Draw comparisons between Schein’s career anchors and Holland’s personality types.
The common idea in Holland's theory of vocational personalities, Schein's theory of career anchors, and Myers-Briggs' type theory is that people tend to have differential preferences for certain modes of coping and developing, which they have to exercise in order to do well and feel well in their work and life situation.
From the observed structure of vocational preferences Holland inferred six vocational categories, i.e. realistic, investigative, artistic, social, enterprising and conventional, which he arranged in a hexagonal model. Holland assumed that persons obtain satisfaction by performing the particular kind of work activity that most closely fits their personality, and he stated that there are six vocational personality types corresponding to the six vocational categories.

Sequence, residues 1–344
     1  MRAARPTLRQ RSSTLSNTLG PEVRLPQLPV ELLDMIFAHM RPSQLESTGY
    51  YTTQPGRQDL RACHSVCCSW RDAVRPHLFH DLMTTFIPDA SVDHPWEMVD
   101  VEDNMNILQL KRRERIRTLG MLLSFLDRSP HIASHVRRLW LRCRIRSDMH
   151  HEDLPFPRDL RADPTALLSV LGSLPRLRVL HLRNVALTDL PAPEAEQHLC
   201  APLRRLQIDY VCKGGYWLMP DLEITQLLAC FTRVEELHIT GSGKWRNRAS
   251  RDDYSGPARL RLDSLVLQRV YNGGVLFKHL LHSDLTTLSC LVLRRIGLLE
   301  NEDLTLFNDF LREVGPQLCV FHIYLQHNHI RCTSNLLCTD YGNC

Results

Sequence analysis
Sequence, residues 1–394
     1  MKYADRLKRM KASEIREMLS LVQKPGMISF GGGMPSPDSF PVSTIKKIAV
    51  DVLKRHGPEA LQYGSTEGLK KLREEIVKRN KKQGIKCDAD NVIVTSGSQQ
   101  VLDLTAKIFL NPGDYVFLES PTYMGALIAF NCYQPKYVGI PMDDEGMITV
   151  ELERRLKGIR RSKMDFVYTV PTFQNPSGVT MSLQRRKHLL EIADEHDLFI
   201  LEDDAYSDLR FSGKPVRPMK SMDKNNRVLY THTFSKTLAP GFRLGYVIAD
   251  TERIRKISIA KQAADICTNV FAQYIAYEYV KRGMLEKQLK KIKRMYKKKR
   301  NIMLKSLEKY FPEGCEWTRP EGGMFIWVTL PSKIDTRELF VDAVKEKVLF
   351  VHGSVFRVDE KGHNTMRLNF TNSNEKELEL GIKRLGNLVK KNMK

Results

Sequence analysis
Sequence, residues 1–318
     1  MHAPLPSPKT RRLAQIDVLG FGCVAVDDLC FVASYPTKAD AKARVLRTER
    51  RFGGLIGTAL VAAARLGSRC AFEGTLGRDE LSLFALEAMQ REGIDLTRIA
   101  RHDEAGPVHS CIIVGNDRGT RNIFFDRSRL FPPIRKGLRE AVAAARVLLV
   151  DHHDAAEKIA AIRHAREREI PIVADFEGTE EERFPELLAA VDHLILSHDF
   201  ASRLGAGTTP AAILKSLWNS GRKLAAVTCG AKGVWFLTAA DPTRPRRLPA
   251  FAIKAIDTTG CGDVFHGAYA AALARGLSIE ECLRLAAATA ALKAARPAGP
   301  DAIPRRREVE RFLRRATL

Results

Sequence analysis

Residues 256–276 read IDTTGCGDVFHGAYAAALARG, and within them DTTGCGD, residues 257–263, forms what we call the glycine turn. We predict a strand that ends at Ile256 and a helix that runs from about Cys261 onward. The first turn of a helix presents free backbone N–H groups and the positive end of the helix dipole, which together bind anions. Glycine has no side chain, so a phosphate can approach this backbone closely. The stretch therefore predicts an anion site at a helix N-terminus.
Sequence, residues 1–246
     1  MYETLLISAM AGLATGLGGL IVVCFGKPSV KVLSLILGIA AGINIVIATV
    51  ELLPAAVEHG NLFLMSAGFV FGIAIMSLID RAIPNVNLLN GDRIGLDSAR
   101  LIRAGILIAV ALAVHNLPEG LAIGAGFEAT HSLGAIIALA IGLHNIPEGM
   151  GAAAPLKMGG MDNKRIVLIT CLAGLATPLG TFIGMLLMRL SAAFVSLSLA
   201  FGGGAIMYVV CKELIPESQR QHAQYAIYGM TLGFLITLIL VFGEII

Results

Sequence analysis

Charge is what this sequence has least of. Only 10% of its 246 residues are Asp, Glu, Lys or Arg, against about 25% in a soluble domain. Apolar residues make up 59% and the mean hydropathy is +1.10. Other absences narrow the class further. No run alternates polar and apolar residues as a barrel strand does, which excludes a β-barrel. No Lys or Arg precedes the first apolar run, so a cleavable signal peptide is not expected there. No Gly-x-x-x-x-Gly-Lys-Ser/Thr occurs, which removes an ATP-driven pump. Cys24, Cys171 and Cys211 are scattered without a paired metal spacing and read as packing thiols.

Schein defined a career anchor as a growing area of stability in the personality that keeps the person from deviating too far from a particular career path. According to Schein, the function of work is to support and make possible a career that the person values. Thus, his concepts are similar to what other researchers have called career values ( Arthur, Hall & Lawrence, 1989). Observing career development, Schein initially inferred five career anchors (Schein, 1978), but later he concluded that there were nine (Schein, 1985), i.e. technical competence, managerial competence, organizational security, geographic security, creativity, autonomy, service, pure challenge and life-style.